• The new measures in effect mean it might take up to 15 days for South Korean companies to gain approvals to export sensitive materials to Japan

SEOUL, South Korea: South Korea on Wednesday dropped Japan from a list of countries receiving fast-track approvals in trade, a reaction to Tokyo’s decision to downgrade Seoul’s trade status amid a tense diplomatic dispute.
South Korea’ trade ministry said Japan’s removal from a 29-member “white list” of nations enjoying minimum trade restrictions went into effect as Seoul rearranged its export control system covering hundreds of sensitive materials that can be used for both civilian and military purposes.
The change comes a week after South Korea initiated a complaint to the World Trade Organization over a separate Japanese move to tighten export controls on key chemicals South Korean companies use to manufacture semiconductors and displays.
Seoul has accused Tokyo of weaponizing trade to retaliate against South Korean court rulings ordering Japanese companies to offer reparations to South Koreans forced into labor during World War II. Tokyo’s measures struck a nerve in South Korea, where many still resent Japan’s brutal colonial rule from 1910 to 1945.
According to South Korean trade ministry, the new measures in effect mean it might take up to 15 days for South Korean companies to gain approvals to export sensitive materials to Japan, compared to the five days or less it took under a simpler inspection process provided for favored trade partners.
Lee Ho-hyeon, a South Korean trade ministry official, said the change would affect about 100 local firms that export items such as telecommunications security equipment, semiconductor materials and chemical products to Japan. He said Seoul will work to minimize disruption to South Korean companies.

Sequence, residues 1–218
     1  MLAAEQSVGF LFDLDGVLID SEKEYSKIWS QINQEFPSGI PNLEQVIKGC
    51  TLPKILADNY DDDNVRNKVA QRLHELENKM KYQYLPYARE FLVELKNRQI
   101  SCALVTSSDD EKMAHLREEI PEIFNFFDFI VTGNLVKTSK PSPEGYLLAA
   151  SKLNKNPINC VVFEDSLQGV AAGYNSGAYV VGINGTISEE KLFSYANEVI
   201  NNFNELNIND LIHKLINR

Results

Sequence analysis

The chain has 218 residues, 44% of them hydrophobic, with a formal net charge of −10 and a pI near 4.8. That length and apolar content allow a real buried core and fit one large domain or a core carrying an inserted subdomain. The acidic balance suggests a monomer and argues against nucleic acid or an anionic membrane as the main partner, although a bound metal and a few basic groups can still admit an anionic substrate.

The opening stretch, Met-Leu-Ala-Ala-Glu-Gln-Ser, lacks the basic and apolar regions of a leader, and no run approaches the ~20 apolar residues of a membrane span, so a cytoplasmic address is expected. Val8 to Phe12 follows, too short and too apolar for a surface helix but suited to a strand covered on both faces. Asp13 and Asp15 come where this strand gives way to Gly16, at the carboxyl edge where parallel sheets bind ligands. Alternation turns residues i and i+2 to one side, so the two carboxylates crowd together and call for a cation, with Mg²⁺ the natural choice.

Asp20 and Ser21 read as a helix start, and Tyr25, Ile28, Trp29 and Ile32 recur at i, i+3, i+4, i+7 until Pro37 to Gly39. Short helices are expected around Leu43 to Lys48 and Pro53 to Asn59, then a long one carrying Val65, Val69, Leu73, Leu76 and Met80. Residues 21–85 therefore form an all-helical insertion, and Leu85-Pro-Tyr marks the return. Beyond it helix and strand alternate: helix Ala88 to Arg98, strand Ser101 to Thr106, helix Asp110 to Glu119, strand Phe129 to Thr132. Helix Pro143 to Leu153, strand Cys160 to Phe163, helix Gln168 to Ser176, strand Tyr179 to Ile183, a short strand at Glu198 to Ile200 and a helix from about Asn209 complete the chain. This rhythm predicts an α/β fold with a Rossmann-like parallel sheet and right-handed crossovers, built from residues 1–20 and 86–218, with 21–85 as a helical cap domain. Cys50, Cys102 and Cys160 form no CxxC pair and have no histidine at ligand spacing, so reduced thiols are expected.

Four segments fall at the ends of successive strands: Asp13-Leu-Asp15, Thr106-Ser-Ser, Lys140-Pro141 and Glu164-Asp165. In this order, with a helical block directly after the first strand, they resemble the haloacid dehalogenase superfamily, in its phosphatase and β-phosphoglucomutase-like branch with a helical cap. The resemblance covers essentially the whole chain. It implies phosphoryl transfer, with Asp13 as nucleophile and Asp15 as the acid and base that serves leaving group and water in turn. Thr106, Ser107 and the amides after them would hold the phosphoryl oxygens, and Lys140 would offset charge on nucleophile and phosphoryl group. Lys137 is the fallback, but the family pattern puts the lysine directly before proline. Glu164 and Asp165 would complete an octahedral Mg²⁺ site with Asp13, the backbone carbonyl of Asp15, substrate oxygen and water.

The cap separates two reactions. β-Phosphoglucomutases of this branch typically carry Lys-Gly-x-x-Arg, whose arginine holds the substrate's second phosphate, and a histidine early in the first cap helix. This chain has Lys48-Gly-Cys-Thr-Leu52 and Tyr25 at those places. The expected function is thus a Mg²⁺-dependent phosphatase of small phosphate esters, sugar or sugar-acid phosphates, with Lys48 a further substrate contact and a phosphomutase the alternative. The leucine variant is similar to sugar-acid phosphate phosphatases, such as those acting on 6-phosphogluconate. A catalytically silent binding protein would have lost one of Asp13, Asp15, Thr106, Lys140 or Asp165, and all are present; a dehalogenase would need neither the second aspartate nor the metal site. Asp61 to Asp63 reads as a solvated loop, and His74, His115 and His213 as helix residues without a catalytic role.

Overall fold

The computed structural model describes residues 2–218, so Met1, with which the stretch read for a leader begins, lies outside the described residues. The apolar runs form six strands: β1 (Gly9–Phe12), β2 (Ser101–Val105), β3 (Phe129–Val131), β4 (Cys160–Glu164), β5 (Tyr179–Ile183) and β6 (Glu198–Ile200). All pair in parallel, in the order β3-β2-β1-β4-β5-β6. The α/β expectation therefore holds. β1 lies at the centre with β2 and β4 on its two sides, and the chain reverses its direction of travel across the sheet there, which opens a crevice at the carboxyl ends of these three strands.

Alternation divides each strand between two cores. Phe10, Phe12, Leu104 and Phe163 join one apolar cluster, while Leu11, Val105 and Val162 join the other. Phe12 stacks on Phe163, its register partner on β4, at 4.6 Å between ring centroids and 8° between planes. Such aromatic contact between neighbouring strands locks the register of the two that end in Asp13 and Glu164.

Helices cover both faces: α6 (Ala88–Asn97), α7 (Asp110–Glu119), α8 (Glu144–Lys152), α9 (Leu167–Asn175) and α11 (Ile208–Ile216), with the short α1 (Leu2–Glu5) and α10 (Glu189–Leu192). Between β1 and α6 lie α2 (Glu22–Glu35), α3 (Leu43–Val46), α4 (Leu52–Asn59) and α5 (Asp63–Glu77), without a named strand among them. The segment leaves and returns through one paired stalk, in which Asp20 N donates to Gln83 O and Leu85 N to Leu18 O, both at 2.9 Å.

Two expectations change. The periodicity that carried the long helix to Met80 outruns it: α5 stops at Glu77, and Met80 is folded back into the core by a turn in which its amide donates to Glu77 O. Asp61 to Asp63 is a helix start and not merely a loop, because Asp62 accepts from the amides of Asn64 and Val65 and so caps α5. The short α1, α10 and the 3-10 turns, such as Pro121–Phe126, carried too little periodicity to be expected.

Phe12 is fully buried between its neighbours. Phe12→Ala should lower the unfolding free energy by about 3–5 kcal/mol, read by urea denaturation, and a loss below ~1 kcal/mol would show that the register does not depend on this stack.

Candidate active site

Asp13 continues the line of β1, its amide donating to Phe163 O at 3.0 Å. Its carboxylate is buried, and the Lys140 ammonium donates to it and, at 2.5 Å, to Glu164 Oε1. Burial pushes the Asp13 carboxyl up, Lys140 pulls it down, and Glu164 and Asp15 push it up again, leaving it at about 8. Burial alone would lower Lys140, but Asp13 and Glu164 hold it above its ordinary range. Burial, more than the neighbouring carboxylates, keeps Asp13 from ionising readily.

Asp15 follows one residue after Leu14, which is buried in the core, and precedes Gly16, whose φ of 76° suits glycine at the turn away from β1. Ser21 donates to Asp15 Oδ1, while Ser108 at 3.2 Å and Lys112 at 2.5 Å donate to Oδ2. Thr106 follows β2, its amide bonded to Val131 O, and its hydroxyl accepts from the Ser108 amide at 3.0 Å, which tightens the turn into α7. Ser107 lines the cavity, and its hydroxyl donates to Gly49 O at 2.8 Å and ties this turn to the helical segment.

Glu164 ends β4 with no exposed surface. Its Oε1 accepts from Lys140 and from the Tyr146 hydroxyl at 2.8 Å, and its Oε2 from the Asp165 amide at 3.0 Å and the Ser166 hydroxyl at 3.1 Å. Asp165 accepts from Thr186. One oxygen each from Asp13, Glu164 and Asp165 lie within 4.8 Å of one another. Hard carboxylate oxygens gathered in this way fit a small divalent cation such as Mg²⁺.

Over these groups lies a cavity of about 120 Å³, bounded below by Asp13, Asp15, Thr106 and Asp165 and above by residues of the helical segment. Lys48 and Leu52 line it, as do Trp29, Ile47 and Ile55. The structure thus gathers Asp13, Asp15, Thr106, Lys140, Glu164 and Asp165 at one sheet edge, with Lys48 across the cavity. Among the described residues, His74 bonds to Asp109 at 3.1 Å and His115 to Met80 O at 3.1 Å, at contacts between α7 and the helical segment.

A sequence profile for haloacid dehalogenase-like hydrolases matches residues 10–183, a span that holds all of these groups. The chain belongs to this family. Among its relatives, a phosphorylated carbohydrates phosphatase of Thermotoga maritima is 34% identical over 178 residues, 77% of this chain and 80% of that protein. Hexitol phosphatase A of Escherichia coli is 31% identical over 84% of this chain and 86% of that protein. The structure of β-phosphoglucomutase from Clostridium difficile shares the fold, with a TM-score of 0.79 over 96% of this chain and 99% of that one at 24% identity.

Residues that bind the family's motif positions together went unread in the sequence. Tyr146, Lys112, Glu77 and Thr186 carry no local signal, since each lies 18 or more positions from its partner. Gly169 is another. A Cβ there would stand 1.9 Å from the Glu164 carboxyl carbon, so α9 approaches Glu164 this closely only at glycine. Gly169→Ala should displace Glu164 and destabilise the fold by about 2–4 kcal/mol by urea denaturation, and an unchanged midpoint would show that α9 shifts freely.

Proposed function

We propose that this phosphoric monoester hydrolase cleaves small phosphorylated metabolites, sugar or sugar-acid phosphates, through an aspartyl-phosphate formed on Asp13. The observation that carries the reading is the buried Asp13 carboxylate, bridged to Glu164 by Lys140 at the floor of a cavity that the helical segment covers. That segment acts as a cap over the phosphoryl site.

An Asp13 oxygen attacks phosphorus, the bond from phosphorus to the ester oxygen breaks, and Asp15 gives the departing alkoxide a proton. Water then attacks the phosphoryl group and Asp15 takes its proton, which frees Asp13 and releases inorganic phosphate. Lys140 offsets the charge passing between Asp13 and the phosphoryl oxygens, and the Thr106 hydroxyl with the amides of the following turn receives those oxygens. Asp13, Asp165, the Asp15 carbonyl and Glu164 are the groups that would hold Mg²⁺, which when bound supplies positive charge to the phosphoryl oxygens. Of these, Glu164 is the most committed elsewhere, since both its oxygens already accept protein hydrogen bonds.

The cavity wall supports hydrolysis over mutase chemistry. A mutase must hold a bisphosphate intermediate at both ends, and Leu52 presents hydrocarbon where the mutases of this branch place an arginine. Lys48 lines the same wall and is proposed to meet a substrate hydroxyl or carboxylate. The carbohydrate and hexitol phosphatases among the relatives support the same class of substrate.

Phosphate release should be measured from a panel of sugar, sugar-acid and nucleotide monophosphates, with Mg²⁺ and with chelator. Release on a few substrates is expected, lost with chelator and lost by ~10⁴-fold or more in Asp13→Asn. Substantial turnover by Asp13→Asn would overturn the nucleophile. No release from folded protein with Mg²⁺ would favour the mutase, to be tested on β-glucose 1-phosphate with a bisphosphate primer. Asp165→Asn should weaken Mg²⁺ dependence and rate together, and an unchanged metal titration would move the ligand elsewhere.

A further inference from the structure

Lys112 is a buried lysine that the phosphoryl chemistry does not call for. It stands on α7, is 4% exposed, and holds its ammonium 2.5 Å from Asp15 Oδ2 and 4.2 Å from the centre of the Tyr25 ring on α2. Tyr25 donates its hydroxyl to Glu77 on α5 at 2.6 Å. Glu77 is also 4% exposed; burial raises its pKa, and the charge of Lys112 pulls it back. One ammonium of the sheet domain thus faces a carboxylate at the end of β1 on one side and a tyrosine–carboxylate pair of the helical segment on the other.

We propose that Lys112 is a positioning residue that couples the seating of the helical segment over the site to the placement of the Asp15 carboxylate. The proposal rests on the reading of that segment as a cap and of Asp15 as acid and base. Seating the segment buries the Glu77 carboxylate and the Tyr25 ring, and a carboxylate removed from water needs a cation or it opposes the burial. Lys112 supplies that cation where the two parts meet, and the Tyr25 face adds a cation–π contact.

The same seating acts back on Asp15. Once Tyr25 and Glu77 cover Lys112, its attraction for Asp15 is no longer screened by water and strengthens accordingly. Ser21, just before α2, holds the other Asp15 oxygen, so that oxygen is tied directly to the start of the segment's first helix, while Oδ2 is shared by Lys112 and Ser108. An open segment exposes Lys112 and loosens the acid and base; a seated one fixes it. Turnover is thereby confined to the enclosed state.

Japan for decades has enjoyed a huge trade surplus with South Korea, an economy that’s much more dependent on exports. Many major manufacturers heavily rely on parts and materials imported from Japan.
But the dispute is taking a toll. Exports to South Korea from Japan fell 9.4% last month, Japan’s Finance Ministry reported Wednesday.
The trade dispute between the neighbors erupted in July, when Japan imposed tighter export controls on three chemicals South Korean companies use to produce semiconductors and displays for smartphones and TVs, major export items for South Korea. It cited unspecified security concerns over Seoul’s export controls.
A few weeks later, Japan dropped South Korea from its own trade “white list,” triggered a full-blown diplomatic dispute that took relations between the US allies to their worst in decades.
The dispute has spilled over to security issues, with Seoul declaring it plans to terminate a bilateral military intelligence-sharing pact with Japan that symbolized the countries’ three-way security cooperation with the United States in the face of North Korea’s nuclear threat and China’s growing influence.
Following an angry reaction from Washington, Seoul later said it could reconsider its decision to end the military agreement, which remains in effect until November, if Japan relists South Korea as a favored trade partner.
Seoul announced its plans to downgrade Tokyo’s trade status in August before holding a 20-day period to gather opinions on the decision, during which the Japanese government voiced opposition to the move it described as “arbitrary and retaliatory,” Lee said.
He said Seoul needs to strengthen controls on shipments to a country that’s “hard to cooperate with” and fails to uphold “basic international principles” while managing export controls on sensitive materials.
South Korea previously divided its trade partners into two groups in managing export controls on sensitive materials. Following Wednesday’s change, South Korea now has an in-between bracket where it placed only Japan, which would mostly receive the same treatment in trade as the non-favored nations in what had been the second group.